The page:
Tom Burnell has been a football season ticket-holder for 15 years and said he never previously asked how his donation was used. The reason it didn’t matter to him, Burnell said, “is that I trusted in the red N.”
Upon his first introduction to the Student-Athlete Experience Fund last year, however, Burnell proceeded to take all of his separate givings to the university and streamline them toward that singular cause.
“Because that gives me a chance to touch 600-plus students,” Burnell said. “I’ve never, never felt more confident about where my money is going than today because of this fund and the overall recognition that Nebraska is about developing young men and women in all sports to be better people, long-run.”
Burnell was New York-born and California-raised but received both his undergraduate degree and master’s from NU in the 1980s. He is a past president of the Nebraska Alumni Association currently working out of Boston.
He said he’s had a “very, very privileged life” because of his Nebraska education and sees this as a chance to help others work toward some of the same success.
“Not everybody is in the same position, and it’s harder and harder to write those checks — and with where the economy is at, I get that,” Burnell said. “But those that question the level of donation that’s required, think about it not as a donation to buy a football ticket but an opportunity to make a difference in a young man or woman’s life.”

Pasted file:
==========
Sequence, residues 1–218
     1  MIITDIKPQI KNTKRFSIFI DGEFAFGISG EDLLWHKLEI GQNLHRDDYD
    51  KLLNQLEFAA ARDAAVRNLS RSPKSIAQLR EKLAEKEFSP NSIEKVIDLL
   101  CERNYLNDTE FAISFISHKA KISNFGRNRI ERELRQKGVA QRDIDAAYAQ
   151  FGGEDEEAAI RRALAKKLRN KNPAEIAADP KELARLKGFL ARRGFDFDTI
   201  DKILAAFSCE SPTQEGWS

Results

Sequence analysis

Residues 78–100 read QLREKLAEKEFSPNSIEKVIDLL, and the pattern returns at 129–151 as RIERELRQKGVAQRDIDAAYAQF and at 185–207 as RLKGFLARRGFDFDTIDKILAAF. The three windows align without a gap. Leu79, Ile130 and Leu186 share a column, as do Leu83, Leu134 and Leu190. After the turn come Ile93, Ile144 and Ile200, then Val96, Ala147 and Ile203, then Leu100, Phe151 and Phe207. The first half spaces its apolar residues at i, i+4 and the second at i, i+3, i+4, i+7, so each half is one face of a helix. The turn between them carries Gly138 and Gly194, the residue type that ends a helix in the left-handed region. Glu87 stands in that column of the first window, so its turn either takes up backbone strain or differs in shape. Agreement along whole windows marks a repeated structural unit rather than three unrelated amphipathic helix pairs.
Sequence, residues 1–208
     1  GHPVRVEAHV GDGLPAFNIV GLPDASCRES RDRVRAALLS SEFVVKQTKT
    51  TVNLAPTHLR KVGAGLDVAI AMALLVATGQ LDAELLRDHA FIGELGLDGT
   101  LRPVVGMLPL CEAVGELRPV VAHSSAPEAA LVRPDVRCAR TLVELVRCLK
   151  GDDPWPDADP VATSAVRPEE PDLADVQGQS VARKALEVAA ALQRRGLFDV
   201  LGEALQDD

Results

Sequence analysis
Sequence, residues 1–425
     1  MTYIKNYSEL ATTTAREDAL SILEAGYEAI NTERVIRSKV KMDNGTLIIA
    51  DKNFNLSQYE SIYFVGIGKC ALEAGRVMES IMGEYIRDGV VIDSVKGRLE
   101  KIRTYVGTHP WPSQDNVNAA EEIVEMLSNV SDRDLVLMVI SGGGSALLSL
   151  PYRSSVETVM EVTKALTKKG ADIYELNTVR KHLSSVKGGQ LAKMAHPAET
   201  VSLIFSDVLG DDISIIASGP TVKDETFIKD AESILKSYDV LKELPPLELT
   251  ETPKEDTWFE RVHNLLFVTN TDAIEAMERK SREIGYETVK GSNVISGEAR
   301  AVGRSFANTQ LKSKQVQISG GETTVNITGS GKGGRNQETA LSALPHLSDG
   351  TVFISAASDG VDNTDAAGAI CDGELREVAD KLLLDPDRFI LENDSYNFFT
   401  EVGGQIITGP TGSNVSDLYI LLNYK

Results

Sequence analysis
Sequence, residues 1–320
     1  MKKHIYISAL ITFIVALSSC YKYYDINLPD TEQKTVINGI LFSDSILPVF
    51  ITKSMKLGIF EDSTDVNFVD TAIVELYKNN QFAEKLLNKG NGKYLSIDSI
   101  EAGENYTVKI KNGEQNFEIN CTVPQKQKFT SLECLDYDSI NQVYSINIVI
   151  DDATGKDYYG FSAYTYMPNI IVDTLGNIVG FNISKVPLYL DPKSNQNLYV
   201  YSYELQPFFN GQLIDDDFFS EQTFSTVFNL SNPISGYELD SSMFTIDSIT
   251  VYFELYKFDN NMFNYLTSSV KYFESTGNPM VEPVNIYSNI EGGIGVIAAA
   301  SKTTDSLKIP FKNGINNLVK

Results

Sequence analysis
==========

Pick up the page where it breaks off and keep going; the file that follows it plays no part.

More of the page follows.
Husker football is working on an NCAA-record streak of 347 consecutive sellouts, but the health of that streak came into question when NU announced that 2,000 season tickets would become available June 1 — about 500 more than the previous year. Those ultimately sold during the next eight weeks.
NU restructured its per-seat donations in recent years to help the cause, making some as low as $150 and none higher than $2,500 (some midfield seats previously ranged from $3,000 to $3,500). It also has made some available in North Stadium that require no donation.
Though some donations are now lower, the revenue stream was aided by the addition of seats and suites with the East Stadium expansion in 2013. Overall, 72,340 seats in Memorial Stadium belong to season ticket holders.
Jentz wouldn’t reveal how much of the $36 million is covered by the donations associated with football season tickets but said they represent the largest overall source of the Student-Athlete Experience Fund.